There are a number of ways to build safety in a difficult conversation. Having a strong pre-existing relationship is perhaps the most important. The more others trust us, the better able we are to safely discuss a difficult topic with them. In fact, I think it’s sound practice for all Christians to build and reinforce relationships with everyone they know as a matter of habit. We never know when we will have to put that relationship to the test.
Second, we need to choose our words carefully. In Colossians 4:6, Paul urges us to season our speech, and our efforts toward palatability can make all the difference between acceptance and rejection. Harsh, condemnatory language rarely wins over its target. On the other hand, when we strive to be understanding, fair, and compassionate, we are much more likely to find an open heart.
Finally, we have to make change as easy as possible. All of us are proud, insecure creatures. We don’t like to admit when we’re wrong, especially not in front of others. Consequently, private conversations generally are more effective than public confrontations. They allow people to change without suffering a dramatic loss of face.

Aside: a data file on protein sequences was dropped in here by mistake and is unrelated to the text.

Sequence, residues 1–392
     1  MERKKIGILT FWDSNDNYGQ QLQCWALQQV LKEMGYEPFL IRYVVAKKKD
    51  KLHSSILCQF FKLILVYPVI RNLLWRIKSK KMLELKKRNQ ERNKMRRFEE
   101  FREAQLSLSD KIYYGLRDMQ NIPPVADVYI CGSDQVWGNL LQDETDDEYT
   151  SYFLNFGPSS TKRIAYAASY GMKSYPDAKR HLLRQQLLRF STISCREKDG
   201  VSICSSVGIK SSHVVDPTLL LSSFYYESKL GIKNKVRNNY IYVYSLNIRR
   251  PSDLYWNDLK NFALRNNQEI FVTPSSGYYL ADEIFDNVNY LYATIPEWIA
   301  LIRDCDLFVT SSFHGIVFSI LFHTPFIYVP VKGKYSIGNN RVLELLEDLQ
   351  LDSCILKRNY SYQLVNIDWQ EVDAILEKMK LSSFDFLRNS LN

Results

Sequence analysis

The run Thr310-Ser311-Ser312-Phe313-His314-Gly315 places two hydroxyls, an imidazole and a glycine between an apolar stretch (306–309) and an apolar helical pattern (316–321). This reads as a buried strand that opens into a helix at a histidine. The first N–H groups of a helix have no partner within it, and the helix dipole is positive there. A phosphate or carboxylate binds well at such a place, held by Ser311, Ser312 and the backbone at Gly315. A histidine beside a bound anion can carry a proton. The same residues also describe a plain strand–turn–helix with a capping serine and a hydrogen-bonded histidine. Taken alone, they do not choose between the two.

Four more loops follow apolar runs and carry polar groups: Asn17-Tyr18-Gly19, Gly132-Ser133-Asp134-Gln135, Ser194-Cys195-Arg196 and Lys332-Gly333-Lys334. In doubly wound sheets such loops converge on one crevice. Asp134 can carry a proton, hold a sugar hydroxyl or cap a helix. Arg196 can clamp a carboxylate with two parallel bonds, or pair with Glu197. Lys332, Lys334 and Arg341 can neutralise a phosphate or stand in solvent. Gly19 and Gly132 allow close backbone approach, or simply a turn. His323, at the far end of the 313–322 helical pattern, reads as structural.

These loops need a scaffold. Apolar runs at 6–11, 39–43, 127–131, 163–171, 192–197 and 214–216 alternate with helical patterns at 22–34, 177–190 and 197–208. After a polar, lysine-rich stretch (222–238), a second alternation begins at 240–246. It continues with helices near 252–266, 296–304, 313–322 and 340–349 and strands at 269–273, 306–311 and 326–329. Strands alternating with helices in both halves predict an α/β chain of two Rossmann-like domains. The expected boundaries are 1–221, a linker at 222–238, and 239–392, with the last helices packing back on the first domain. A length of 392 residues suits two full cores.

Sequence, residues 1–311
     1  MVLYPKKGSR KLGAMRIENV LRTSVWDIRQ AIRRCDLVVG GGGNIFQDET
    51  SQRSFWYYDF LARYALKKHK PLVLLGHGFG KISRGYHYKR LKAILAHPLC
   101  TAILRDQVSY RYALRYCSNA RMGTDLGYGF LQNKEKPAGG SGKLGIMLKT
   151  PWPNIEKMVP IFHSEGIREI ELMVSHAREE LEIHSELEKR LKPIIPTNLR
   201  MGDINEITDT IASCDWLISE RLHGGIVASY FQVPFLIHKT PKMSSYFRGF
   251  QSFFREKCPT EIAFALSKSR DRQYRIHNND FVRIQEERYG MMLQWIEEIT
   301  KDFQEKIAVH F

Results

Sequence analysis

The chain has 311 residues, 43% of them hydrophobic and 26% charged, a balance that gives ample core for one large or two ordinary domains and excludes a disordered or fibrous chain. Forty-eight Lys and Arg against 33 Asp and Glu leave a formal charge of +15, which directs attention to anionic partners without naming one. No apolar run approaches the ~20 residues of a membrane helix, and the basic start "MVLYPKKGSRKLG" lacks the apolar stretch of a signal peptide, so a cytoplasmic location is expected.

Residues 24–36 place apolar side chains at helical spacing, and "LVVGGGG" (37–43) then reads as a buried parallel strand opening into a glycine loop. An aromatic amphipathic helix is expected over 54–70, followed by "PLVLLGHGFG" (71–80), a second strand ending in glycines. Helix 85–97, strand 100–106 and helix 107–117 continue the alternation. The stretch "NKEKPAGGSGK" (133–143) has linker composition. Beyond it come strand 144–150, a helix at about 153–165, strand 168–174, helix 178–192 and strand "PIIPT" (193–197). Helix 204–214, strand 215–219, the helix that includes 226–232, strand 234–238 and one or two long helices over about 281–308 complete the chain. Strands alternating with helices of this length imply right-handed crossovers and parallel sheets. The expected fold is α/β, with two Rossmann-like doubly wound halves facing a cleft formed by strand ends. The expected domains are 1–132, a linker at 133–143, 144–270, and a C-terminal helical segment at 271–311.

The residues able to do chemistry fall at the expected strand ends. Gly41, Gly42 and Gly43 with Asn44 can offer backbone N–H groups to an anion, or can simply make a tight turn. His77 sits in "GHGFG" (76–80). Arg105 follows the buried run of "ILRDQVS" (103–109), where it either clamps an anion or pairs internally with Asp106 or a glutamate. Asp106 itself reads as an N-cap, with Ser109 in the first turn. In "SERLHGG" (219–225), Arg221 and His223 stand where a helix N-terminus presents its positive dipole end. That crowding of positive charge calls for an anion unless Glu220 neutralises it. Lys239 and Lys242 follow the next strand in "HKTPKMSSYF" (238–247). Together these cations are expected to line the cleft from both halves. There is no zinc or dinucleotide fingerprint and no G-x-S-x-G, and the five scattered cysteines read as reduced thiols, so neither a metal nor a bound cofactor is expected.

We also need to put ourselves in the place of the one who is wrong and speak to them as we ourselves would like to be spoken to when we are wrong. We never should demand that someone forfeit their dignity in order to acknowledge an error. As satisfying as it may be to make the moron crawl, such demands will destroy our future influence.
Doing even these things is not easy, and there is much more that I could say on the subject! Sadly, I’m sure that I have even more to learn. We live in a society that has forgotten the art of having conversations like these, but this is a skill that we must master if we want to win souls and inherit eternal life ourselves.
Fulfilled prophecies play a central role in the New Testament. Matthew and Luke use passages from Isaiah and Micah to explain the events of Jesus’ birth narrative. All four gospel writers take predictions from Isaiah and other prophets and employ them to define His ministry. In John 12, John explains the unbelief of the crowds by claiming that Isaiah predicted it. So too, the stories of Jesus’ death, burial, and resurrection are studded with citations of prophecies that Jesus and His enemies fulfilled.